The Confession was self-consciously published in its first edition to show theological unanimity with the Reformed theology of the day, especially as it had been codified in the Westminster Confession and the Savoy Declaration. Or, in the framers’ words, touching the Confession’s biblical character:

There is one thing more which we sincerely professed, and earnestly desire credence in, viz. That contention is most remote from our design in all that we have done in this matter: and we hope the liberty of an ingenious unfolding our principles, and opening our hearts unto our Brethren, with the Scripture grounds on which our faith and practice leans, will by none of them be either denyed to us, or taken ill from us. Our whole design is accomplished, if we may obtain that Justice, as to be measured in our principles, and practice, and the judgement of both by others, according to what we have now published (1677 Facsimile edition. To the Reader, pp 5f.).

These sentiments were expressed directly after the writer of To the Reader alluded to the Berean spirit that all who read the Confession should have. The framers were not embarrassed to ask others to search the written Word to prove the words written in the Confession. The early Particular Baptists saw an objective body of doctrine in the Scriptures and in the three confessions already existing (1st LCF, WC, Savoy). They published another confession to demonstrate to the world that they were in step with the march of the Reformation in their time and in their land. The Confession was not a tool to obfuscate theological discussion through subjectivity; it was an objective summary of what was commonly believed and practiced. They published it openly.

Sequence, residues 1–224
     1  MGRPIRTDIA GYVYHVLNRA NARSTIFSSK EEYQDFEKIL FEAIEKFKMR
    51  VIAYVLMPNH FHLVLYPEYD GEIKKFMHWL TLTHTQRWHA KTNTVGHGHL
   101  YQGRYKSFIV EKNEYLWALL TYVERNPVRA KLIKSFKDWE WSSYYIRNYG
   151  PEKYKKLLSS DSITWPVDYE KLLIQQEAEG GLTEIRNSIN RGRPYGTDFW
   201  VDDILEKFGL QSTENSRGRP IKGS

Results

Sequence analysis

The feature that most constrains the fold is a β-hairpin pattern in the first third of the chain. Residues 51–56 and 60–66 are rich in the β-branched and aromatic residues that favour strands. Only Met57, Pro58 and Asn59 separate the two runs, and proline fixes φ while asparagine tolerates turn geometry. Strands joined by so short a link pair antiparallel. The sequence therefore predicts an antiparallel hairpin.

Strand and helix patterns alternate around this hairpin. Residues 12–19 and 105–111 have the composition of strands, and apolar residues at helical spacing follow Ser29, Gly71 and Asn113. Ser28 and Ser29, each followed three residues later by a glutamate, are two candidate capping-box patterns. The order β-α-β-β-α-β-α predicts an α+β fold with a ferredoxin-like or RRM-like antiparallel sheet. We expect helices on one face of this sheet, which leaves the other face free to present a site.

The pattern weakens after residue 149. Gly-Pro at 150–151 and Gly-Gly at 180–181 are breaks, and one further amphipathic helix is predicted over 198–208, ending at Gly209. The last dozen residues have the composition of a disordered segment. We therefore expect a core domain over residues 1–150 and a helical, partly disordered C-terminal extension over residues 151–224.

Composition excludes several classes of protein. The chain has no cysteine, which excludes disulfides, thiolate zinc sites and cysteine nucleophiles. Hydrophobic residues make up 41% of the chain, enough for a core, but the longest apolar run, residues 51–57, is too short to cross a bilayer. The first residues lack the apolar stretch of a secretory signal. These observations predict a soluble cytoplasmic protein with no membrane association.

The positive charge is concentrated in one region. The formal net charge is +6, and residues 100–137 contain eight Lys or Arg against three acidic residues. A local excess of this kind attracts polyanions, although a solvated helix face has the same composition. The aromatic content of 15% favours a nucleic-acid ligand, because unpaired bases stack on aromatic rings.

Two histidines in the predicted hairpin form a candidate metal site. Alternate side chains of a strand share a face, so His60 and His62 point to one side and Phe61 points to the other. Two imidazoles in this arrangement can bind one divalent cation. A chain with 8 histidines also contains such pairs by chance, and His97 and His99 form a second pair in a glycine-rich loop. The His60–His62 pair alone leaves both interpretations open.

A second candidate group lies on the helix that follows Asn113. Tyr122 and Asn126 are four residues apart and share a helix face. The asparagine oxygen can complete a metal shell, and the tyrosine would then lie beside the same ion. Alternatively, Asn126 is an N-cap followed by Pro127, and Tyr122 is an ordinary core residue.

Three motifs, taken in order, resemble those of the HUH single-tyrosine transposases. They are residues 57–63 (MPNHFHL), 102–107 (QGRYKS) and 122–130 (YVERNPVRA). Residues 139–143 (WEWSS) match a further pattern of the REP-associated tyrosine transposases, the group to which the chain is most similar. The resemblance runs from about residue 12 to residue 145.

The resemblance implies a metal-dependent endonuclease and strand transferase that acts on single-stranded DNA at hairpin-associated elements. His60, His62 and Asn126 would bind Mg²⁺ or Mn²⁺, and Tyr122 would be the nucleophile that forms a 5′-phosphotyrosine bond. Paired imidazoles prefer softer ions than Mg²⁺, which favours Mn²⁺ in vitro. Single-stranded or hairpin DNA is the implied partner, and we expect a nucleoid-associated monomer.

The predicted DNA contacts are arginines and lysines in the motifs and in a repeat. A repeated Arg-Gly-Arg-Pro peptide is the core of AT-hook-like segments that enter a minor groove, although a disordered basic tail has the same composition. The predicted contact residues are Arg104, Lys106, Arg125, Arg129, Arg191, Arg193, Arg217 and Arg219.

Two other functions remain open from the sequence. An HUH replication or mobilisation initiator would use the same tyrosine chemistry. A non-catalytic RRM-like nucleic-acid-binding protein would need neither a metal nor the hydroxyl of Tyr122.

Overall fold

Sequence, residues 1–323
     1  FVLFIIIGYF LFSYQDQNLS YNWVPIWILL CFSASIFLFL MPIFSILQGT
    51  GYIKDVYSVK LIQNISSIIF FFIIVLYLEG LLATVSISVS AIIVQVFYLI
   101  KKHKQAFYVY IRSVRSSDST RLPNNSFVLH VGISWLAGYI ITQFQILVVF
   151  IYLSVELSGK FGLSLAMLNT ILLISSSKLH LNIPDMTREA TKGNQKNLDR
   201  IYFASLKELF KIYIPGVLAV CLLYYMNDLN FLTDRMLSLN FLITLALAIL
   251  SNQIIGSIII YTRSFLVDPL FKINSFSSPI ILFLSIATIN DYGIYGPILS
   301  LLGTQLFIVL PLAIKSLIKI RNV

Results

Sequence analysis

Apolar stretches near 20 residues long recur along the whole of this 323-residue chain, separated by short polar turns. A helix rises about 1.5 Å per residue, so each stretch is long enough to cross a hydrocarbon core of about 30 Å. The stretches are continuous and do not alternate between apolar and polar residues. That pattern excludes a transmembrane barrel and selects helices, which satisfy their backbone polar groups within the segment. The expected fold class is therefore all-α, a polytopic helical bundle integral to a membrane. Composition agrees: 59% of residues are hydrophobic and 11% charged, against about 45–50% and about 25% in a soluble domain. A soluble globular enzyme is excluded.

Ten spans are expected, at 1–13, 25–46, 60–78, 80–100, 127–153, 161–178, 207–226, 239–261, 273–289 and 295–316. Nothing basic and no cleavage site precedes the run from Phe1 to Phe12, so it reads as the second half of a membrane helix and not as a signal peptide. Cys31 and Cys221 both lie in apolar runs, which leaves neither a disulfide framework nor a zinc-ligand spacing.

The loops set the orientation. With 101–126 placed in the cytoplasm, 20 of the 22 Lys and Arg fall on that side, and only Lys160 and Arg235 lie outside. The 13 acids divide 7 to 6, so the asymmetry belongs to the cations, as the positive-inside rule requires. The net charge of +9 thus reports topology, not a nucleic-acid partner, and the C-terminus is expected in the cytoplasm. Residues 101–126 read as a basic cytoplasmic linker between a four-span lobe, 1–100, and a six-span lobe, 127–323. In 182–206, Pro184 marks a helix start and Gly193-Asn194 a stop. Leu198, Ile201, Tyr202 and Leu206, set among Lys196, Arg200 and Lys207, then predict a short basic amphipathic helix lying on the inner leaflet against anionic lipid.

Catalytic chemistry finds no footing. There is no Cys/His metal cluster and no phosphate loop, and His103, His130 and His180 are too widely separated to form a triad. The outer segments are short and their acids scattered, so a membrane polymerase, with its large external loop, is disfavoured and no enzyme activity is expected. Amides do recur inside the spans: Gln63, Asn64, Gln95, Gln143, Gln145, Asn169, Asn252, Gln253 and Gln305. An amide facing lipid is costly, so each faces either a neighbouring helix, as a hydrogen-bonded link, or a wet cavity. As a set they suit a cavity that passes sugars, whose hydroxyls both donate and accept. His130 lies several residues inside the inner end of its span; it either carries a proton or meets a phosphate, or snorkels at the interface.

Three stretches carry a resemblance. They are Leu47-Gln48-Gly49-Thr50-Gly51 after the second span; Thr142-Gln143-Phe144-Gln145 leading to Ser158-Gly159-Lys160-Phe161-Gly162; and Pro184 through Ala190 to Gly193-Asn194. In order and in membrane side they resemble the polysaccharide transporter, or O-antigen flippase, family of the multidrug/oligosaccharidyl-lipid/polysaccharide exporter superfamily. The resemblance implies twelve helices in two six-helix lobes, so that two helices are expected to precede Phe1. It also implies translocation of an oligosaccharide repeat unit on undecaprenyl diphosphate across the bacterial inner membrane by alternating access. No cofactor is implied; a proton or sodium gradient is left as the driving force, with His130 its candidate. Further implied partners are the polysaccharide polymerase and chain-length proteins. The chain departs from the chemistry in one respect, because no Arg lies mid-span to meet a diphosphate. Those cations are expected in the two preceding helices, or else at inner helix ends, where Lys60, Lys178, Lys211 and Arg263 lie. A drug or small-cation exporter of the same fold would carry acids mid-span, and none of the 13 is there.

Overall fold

These questions remain: Is the Confession a dynamic or static document? Should we conduct ourselves as strict or loose constructionists when we read and interpret it? Does the meaning of the Confession continue to evolve? Or, does it contain a set of objective doctrines that stand or fall together? Is the Confession one homogeneous entity like the Scriptures? If you are taking the quiz for credit, the correct answers are: Static, Strict, No, Yes, and Yes! If we take this position as the baseline definition of what a Reformed Baptist is, together we could maintain a coherent and consistent definition of our own denominator. We cannot superintend all who use the title Reformed Baptist but we can be circumspect ourselves.

I propose that the Confession’s own propositions have set meaning. They are intended to convey biblical truth. The paragraphs are expressions of thoughts on a subset of a subject and its chapters cover all the subjects that they believed were necessary in order to demonstrate agreement with the Reformed movement. The Confession should not be taken uncritically into our age, but with discernment and a proper understanding of the context in which it was given. The Confession was a summary, not an exhaustive attempt to state all that the framers believed. Beyond the original biblical ideas in the Confession, grace ought to be given as charity rules among men.